The College Board Game of Monopoly

The College Board, despite all of its benefits, is a giant academic monopoly

As a high school senior thinking about all of the SAT, SAT Subject tests, AP exams, AP exam review questions,etc. that I have ever taken, it often feels like my future depends on the numbers that College Board labels me with. Whether it is the pricing or the fact that many college applications depend on the College Board’s products, I’ve often wondered why the College Board had to be my partner throughout my academic career.
To be clear, I do agree that the College Board intends to benefit: it constantly improves its exams and its Advanced Placement courses boost academic resumes.

“Taking AP courses just shows that you are taking the rigorous course and challenging yourself…if you score well then it will help you,” math teacher Christy Sterner said. “They recently have also adapted something called Math Practices…to incorporate more of that reasoning, thinking, and conceptual versus just perceivable ideas.”
But that doesn’t hide the fact that it is also a monopoly.
“The basic concept: a centralized place that gives you standardized testing…is fine. It’s just the College Board itself — the nonprofit– that is the problem,” Samuel Shih, a senior who has been involved in multiple years of College Board-approved courses, said.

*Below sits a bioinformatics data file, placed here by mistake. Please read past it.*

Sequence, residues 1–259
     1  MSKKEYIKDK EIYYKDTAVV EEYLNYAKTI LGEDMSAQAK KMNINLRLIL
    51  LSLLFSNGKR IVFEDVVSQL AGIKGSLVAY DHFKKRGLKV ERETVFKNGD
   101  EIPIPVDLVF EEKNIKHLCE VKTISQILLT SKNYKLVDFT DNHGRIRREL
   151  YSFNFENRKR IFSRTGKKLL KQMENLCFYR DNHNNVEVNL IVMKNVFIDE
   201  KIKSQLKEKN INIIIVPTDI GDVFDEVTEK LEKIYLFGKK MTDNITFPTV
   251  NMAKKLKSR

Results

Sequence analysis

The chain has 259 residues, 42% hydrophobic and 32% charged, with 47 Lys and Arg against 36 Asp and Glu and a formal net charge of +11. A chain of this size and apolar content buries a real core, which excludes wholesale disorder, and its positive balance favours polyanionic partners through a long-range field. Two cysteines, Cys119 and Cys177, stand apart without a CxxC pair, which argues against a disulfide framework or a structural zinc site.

In fact, I think I hear cash rolling in from this nonprofit. According to New Brunswick Patch, the College Bo

Cartoons by Sristi Palimar

ard’s profits amounted to $26 million in 2013, 317% of the industry average. Compare this to the revenue of a real nonprofit: based on an overview provided by Glassdoor’s review, 826 National, an organization that provides writing and tutoring centers for youth, has a revenue of one to five million dollars per year, a much more reasonable amount for a nonprofit.

Let’s say for a moment that money wasn’t involved. College Board would still be a monopoly because it dictates the way us students apply for colleges and qualify for scholarships today.
“There isn’t any way to demonstrate knowledge in these subjects other than through its standardized tests,” Shih said.

Having to fill out those college applications now myself, I realize that, unfortunately, we have been forced to follow the system that the College Board has set up for us. Instead, students should have the freedom to define their academic success some way other than numbers that the College Board marks us with. But unless any change occurs, we will have to continue playing by the rules of the game that College Board has written.